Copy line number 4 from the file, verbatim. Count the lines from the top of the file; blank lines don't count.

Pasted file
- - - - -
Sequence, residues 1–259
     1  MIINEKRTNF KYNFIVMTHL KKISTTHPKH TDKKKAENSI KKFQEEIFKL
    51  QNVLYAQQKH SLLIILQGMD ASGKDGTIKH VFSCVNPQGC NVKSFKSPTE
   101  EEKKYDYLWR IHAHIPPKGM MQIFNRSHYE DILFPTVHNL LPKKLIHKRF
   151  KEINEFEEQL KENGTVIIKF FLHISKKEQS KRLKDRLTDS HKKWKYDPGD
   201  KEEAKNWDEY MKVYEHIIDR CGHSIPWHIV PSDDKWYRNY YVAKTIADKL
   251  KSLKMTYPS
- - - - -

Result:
   101  EEKKYDYLWR IHAHIPPKGM MQIFNRSHYE DILFPTVHNL LPKKLIHKRF